DO NOT CALL ANYONE! In publishing, calling people is a NO NO! People who call  publishers and literary agents AUTOMATICALLY GET REJECTED! Agents and publishers want to see how strong the writing is. Writing is something that can’t be sold through cold calling. If it’s not on the page no one cares.

Make sure to enclose a Self-Addressed-Stamped envelope with any correspondence. If a writer is lucky enough to get a request for a manuscript or a partial from an agent or a publisher, they should send a self-addressed-stamped envelope so they can respond to you. If submitting paritals, a writer should send enough postage to get the materials back. Agents and editiors will appreciate this

Learn how to be patient. It takes a LONG time for some agents and publishers to get back to a writer after requesting material. Some take a week. Others take several months. And I’ve had a few that took a year or more to get back to me! Publishing is a long-haul business that requires someone to have tremendous patience. Nothing in this industry happens overnight.

It’ll be a while before you get published with a trade publisher. Publishing is a process that takes YEARS. If a writer is working towards a trade publication, the query process to literary agents can take a two years or more of. And that’s if the writer has publishing credits. If the writer is a first-time author with no credits, then it’s going to be longer than that. And if an author is lucky enough to get picked up by a trade publisher there’s still the process of editing, proofreading, page layout cover design and marketing before the book reaches the market.

Most publishers don’t support first-time authors. Publishers primarily focus on promoting two parts of their catalogs. The Frontlist- which consists of best-selling authors and the Backlist- Books that are proven sellers like literary classics and refrences like dictionaries and thesauruses.

Those new writers who are lucky enough to get a book published, are in the middle of the list. Midlist books get no support in terms of promotion or advertising from the publishing house. They don’t get the big displays in the front of the store or the book signings at the Barnes & Noble. Usually, a first-time author is lucky if they can find their book in a bookstore. Most times their titles are just listings on Amazon.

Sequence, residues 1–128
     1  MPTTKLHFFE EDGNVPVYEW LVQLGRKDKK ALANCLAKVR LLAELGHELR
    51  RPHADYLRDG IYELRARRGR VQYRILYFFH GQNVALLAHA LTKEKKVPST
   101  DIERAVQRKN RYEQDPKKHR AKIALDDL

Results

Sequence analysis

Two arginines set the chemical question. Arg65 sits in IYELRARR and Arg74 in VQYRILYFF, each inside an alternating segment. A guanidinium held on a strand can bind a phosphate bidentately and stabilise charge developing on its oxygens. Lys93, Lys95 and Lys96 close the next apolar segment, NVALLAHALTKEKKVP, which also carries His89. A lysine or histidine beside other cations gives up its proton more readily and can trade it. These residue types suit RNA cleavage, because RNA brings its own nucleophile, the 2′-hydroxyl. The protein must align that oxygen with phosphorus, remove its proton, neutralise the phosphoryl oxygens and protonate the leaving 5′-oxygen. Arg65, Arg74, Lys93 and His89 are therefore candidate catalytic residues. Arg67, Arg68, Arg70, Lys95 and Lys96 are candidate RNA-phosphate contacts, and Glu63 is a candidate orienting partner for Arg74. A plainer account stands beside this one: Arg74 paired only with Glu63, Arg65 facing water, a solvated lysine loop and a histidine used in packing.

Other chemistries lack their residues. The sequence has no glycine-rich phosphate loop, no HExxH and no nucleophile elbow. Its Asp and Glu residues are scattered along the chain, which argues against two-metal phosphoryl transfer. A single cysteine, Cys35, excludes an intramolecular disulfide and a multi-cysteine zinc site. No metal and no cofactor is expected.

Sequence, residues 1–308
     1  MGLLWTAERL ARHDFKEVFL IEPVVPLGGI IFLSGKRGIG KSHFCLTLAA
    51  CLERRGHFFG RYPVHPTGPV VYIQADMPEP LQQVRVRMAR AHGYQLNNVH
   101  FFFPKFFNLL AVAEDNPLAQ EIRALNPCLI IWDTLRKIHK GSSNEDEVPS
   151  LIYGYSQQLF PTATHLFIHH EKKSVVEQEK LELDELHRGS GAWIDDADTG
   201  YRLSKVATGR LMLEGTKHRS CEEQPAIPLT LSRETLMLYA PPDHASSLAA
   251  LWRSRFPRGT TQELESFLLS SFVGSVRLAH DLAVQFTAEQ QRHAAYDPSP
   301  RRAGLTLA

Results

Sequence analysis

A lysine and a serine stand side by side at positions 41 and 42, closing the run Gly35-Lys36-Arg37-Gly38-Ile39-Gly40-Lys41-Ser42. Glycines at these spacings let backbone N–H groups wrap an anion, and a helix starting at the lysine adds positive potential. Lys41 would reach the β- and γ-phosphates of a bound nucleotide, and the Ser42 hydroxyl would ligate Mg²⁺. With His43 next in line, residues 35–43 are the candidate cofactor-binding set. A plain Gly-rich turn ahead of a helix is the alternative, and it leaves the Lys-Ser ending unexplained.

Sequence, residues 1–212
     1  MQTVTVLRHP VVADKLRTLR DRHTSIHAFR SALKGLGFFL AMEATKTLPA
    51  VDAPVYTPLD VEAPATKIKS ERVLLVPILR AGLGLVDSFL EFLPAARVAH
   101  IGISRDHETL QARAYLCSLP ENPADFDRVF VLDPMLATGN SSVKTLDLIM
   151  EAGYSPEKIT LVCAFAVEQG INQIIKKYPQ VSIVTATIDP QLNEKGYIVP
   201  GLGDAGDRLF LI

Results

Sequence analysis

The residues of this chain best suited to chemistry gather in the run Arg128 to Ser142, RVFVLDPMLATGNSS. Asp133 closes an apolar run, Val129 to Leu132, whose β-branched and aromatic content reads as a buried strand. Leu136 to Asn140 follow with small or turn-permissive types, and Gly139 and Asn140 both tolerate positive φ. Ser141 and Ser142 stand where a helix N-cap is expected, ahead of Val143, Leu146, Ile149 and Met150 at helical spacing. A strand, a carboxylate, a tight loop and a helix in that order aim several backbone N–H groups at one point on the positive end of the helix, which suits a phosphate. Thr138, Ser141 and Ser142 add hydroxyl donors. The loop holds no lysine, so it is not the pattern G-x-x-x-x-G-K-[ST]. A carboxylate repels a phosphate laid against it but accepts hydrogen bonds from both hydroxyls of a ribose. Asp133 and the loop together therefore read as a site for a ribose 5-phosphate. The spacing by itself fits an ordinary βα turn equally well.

When it comes to promotion it’s usually up to the author to spend their time (and their advance money) to get the word out to readers about their new book.

Publishing a book is just the start. Promotion is the real work. A lot of first-time writers think their work is done when the first book is published WRONG! The work is just getting started. When a first book is published a writer has to work harder than they did before. That means hustling to local bookstores to get them to stock the book, trying to arrange book signings and trying to get reviews, and sales. And a writer has to do all this while putting together their second and third books.

Ninety percent of books fail. Close to two million titles were published last year. Most were taken out of print in six months. Others in the remaining ten percent that survived were out of print in five years.

Reviews are hard to get. Many writers dream of getting their books reviewed in places like the New York Times Book Review and Publishers Weekly. In reality, it’s impossible for even the most established writer to get a review in these venues. In most cases, a writer will get reviews from book clubs, local papers and bloggers.

Reviews don’t sell books. A book review may make a writer feel good, but overall it has next to no impact on sales. Why? Because many reviews are in places where they aren’t read. Most Book reviews in major newspapers and magazines are in the sections of the Sunday paper that’s ignored by readers.And that’s if those papers and Magazines still have book sections.